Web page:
Those that suffer from COPD and/or other chronic ailments rely on oxygen therapy to survive daily. Oxygen therapy has many benefits on top of survival, including relief of irritating symptoms, improves quality of life, the ability to increase level and intensity of exercise, and more. However, too much oxygen therapy can cause oxygen toxicity.
What is Oxygen Toxicity?
Oxygen toxicity happens when you breathe “an excess of high partial pressures of oxygen at greater than atmospheric pressure.” Depending on the type of exposure, your body can be affected in different ways. Short-term exposure can cause central nervous system toxicity. Whereas longer-term exposure to increased oxygen levels at normal pressure can cause pulmonary toxicity.
Oxygen was first discovered in 1774 by Joseph Priestly. He was also one of the first to show the adverse effects of too much oxygen. It was not until just over 100 years later that Paul Bert, a French physiologist, showed the negative effects of oxygen toxicity in larks. People still refer to the adverse effects of oxygen on the body’s nervous system as the “Bert Effect.”
Those at Risk
The majority of patients that use oxygen therapy are not at risk, as long as they stick with their doctor’s instructions and guidelines. Scuba divers, patients in the hospital or infants using supplemental oxygen, and patients being treated for carbon monoxide and cyanide poisoning with oxygen therapy are at highest risk for developing oxygen toxicity.
Oxygen Toxicity Symptoms
Overall, oxygen toxicity can exist in two different medical settings. If a patient is exposed to high concentration oxygen levels for a short period of time (for example, those using oxygen therapy) they can be at risk of oxygen toxicity. The other setting happens when longer-term exposure of lower concentrations of oxygen takes place. These two instances lead to acute or chronic oxygen toxicity. Chronic effects show themselves in the lungs and the acute effects show up as central nervous system symptoms. Oxygen toxicity symptoms are most intense in the brain and spinal cord (the CNS) and lungs.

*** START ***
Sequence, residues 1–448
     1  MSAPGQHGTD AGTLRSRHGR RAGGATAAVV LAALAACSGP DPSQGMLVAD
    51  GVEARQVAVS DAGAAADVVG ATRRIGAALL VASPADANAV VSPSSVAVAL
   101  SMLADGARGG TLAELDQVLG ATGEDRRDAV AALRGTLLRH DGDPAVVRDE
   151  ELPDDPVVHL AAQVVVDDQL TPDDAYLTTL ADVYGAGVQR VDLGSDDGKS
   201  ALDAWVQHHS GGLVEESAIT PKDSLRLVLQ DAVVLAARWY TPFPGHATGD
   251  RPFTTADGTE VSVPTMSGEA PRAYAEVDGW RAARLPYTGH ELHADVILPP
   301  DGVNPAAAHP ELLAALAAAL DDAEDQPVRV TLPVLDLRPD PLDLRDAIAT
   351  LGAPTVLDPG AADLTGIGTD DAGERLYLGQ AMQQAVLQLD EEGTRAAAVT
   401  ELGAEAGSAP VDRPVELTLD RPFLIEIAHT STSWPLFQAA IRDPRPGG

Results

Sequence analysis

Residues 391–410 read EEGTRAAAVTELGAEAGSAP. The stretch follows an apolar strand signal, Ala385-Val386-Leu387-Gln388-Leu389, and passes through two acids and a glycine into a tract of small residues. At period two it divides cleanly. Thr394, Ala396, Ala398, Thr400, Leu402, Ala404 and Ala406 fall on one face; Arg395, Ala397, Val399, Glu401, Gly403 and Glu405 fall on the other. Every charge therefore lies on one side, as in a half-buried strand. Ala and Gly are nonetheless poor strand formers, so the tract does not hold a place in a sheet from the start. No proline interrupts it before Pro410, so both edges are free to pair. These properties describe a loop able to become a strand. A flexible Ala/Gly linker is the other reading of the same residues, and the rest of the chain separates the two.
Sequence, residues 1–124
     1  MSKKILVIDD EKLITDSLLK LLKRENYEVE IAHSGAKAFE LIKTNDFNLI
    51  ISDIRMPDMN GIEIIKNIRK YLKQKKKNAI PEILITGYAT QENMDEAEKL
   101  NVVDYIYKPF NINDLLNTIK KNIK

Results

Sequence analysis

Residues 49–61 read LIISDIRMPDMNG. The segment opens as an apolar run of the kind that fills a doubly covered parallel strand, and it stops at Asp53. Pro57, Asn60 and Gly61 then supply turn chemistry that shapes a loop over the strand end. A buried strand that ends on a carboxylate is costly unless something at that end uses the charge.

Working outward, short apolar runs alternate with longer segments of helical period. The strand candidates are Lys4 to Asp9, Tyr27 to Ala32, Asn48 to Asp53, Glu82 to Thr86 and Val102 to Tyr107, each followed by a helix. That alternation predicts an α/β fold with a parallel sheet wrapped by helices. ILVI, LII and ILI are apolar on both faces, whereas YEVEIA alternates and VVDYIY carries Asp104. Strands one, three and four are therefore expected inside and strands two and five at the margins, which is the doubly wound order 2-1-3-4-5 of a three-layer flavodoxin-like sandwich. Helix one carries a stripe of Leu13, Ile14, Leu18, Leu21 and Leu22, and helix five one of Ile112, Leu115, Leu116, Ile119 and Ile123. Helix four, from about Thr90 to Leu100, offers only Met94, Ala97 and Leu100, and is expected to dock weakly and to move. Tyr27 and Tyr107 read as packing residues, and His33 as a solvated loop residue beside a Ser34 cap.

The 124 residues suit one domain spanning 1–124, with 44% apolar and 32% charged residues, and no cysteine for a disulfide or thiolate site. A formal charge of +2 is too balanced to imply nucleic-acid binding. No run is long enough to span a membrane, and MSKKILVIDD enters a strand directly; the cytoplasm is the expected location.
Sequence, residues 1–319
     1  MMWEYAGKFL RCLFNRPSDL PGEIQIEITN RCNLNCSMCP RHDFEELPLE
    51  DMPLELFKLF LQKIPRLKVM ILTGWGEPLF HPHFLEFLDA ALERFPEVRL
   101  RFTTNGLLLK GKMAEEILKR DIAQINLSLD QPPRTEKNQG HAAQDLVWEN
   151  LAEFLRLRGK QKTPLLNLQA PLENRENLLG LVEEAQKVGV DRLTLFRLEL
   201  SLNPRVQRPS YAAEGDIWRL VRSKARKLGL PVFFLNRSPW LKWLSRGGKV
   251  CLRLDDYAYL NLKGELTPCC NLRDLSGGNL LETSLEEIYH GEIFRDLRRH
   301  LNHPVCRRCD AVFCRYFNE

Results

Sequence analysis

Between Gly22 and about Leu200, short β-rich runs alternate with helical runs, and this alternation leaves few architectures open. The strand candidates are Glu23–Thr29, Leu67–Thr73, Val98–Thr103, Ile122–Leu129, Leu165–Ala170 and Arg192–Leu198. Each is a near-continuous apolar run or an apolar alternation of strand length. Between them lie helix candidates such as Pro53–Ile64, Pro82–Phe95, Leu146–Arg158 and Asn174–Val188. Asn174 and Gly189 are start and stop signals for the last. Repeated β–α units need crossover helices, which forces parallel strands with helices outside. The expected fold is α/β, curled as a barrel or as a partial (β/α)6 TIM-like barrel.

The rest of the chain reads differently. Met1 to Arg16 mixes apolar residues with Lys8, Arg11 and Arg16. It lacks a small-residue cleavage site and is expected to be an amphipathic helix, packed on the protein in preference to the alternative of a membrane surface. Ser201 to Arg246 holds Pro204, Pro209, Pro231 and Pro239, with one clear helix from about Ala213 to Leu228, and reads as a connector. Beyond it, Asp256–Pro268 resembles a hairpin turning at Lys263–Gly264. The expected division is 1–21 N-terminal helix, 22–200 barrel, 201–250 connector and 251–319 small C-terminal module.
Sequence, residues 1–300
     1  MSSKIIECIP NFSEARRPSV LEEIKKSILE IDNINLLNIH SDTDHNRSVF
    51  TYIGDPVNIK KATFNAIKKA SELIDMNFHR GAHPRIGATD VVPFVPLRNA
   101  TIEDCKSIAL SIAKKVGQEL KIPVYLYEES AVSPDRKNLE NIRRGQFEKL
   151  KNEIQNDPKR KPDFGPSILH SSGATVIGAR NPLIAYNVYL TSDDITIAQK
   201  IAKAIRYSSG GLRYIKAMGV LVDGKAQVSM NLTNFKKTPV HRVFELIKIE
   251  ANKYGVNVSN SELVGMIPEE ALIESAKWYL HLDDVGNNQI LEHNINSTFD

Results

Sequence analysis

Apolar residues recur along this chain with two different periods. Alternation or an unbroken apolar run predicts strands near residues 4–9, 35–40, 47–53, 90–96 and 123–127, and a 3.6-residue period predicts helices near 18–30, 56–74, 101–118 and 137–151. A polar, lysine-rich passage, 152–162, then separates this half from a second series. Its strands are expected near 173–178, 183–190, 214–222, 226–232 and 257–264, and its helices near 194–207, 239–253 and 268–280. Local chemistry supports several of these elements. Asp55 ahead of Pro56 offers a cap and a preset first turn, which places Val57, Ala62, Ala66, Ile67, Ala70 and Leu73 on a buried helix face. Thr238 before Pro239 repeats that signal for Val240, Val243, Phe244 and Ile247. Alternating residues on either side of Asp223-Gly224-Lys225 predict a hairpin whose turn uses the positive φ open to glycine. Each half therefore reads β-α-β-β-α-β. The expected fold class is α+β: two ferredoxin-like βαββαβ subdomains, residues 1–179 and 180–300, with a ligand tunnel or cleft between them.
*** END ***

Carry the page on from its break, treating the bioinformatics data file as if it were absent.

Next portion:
Central Nervous System Toxicity: The early symptoms have a tendency to come on quickly and abruptly, starting with muscle spasms and twitches around the mouth and chin and in the muscles in hands. The skin can turn a grayish color and stop-and-go breathing (somewhat jerky) in CNS toxicity. If the patient continues to be exposed to oxygen, they can experience nausea and/or vertigo. They may suffer from anxiety, confusion, and may be irritable. They can become clumsy and lose coordination. Lastly, they may start convulsing.
Pulmonary Toxicity: The lower respiratory tract is affected by pulmonary toxicity. This includes the trachea, bronchi, and lungs. Pain behind the breastbone is typically the first sign of pulmonary toxicity then spreads to other areas, increasing in severity and a may cough begin. In extreme and intense cases, lung tissue can become scarred permanently.
To learn more information about oxygen toxicity, reach out to your doctor.